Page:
Help Students Identify and Express Their Emotions

Youth will vary widely in terms of emotional expression. Some may become openly emotional, others may be reluctant to talk at all, and still others may use humor. Acknowledge the breadth of feelings and diversity of experiences and emphasize the importance of being respectful
of others.

Some students may need help to identify emotions beyond simply sad, angry, or happy, and may need reassurance that a wide range of feelings and experiences are to be expected. They may also need to be reminded that emotions may be experienced as physical symptoms, including butterflies in the stomach, shortness of breath, insomnia, fatigue, or irritability. To facilitate this discussion, students may be asked:

What is your biggest concern about the immediate future? What would help you feel safer right now?

Practical Coping Strategies

Encourage students to think about specific things they can do when intense emotions such as worry or sadness begin to well up, including:

  • simple relaxation and distraction skills, such as taking three deep slow breaths, counting to 10,

    or picturing themselves in a favorite calm and relaxing place

  • engaging in favorite activities or hobbies such as music, talking with a friend, reading, or going

    to a movie

  • exercising
  • thinking about how they’ve coped with difficulties in the past and reminding themselves that

    they can use those same coping skills now

  • writing a list of people they can turn to for support
  • writing a list of things they’re looking forward to
  • focusing on individual goals, such as returning to a shared class or spending time with

    mutual friends

    Often, youth will express guilt about having fun or thinking about other things. They may feel that they somehow need permission to engage in activities that will help them feel better and take their mind off the stressful situation.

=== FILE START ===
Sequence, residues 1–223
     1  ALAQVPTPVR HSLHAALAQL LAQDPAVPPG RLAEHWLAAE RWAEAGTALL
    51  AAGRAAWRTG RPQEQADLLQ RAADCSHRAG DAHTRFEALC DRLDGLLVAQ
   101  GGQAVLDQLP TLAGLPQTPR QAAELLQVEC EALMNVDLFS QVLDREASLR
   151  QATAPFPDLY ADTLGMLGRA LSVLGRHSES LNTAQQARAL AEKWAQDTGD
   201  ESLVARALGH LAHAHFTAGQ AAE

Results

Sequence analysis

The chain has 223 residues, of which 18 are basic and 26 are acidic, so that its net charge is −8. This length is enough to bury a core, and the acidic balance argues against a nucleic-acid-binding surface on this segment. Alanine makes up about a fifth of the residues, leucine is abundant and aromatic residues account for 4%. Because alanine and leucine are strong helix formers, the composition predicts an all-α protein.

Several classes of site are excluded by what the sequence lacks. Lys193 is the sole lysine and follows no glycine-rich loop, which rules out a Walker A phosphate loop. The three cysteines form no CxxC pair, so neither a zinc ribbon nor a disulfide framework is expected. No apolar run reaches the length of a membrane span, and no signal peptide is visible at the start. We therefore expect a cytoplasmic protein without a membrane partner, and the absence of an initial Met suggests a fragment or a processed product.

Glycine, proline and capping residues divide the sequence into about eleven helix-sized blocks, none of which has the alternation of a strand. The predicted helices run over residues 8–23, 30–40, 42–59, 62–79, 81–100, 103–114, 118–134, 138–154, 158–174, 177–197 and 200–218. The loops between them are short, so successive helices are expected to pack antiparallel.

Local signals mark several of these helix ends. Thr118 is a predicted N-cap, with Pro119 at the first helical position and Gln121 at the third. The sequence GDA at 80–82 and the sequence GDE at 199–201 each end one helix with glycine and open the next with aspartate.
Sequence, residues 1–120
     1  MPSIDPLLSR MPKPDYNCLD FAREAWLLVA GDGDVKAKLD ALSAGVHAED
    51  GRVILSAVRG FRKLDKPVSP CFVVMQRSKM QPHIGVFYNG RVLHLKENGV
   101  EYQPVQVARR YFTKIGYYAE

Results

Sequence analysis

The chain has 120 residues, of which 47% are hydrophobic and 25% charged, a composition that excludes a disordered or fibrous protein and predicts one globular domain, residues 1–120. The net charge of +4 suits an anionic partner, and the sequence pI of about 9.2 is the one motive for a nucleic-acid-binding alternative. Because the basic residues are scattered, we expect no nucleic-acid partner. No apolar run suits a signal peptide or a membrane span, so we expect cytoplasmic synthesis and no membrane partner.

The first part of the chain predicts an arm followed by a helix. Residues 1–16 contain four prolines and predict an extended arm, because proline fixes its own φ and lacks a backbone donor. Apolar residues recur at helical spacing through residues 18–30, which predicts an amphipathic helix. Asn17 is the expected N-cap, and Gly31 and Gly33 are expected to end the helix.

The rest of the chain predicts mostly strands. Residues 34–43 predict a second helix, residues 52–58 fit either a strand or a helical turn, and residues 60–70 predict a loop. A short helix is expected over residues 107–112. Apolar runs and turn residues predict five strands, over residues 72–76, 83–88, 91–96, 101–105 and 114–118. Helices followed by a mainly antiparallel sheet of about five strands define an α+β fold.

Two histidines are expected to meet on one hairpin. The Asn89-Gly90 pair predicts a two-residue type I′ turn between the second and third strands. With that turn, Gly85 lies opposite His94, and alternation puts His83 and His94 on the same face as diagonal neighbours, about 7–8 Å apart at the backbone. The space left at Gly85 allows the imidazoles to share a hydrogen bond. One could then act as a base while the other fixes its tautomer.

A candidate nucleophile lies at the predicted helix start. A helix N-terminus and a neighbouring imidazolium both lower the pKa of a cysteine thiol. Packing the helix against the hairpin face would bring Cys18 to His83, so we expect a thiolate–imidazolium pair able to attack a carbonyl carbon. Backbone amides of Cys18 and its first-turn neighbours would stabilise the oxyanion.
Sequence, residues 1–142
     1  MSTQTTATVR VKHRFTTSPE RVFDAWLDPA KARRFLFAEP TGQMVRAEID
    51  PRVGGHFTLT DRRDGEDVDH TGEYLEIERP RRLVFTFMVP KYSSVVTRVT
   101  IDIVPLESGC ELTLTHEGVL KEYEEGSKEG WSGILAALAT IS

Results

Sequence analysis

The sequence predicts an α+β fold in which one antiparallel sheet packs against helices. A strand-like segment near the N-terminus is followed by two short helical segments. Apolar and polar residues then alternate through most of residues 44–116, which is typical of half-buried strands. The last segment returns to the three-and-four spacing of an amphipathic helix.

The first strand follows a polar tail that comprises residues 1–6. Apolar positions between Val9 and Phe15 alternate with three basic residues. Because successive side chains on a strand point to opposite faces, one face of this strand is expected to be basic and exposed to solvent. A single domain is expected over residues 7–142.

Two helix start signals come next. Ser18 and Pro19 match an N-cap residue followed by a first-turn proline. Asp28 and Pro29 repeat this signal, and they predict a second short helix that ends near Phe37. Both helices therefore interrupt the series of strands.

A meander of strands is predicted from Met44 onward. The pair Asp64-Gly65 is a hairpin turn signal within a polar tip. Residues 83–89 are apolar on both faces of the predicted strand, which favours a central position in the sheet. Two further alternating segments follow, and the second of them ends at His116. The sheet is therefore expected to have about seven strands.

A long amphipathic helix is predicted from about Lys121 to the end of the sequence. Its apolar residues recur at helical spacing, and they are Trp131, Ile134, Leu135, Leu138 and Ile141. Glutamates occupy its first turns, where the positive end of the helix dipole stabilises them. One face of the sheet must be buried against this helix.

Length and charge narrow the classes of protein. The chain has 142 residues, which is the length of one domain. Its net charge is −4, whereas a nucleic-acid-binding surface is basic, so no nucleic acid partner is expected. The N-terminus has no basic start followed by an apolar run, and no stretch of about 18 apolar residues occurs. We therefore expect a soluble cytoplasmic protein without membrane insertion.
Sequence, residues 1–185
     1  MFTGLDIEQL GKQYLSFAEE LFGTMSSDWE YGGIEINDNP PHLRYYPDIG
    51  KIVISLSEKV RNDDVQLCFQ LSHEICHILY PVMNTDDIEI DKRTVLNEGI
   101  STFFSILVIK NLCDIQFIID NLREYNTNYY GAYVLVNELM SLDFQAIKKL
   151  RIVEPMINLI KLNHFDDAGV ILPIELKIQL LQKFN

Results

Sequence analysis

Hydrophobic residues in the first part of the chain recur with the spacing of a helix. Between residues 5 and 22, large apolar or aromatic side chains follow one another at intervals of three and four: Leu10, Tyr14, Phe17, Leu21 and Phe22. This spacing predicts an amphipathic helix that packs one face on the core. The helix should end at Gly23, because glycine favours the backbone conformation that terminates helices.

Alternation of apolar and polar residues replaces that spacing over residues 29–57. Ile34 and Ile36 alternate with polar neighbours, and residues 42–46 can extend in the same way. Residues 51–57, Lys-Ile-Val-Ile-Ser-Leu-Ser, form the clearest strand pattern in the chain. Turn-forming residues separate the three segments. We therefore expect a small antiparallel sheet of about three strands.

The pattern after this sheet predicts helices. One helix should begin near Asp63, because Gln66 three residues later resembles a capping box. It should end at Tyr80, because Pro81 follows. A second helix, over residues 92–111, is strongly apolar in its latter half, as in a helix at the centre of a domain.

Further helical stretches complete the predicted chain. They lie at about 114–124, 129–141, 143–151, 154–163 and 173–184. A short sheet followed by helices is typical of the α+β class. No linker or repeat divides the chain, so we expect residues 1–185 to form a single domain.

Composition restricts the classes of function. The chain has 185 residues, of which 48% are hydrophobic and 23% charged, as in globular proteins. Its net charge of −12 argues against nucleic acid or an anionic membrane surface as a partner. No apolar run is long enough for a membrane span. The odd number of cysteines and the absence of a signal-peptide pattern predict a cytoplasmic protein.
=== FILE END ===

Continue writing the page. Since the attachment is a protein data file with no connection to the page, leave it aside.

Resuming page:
Students should also be encouraged to think about how they want to remember their friend. Ideas range from writing a personal note to the family, to attending the memorial service, to doing something kind for another person in honor of their friend. Be sure to educate students about the school’s guidelines regarding memorialization. Acknowledging their need to express their feelings while helping them identify appropriate ways to do so can begin the process of returning their focus to their daily lives and responsibilities.

Reach Out to Parents

Parents may need guidance on Talking About Suicide with their children and how best to support them at this difficult time. They may also need reliable information relating to the document Facts About Mental Disorders and Suicide in Adolescents.

Anniversary of the Death

The anniversary of the death (and other significant dates, such as the deceased’s birthday) may

stir up emotions and can be an upsetting time for some students and staff. It is helpful to ➞anticipate this and provide an opportunity to acknowledge

the date, particularly with those students who were especially close to the student who died.

Course Discussion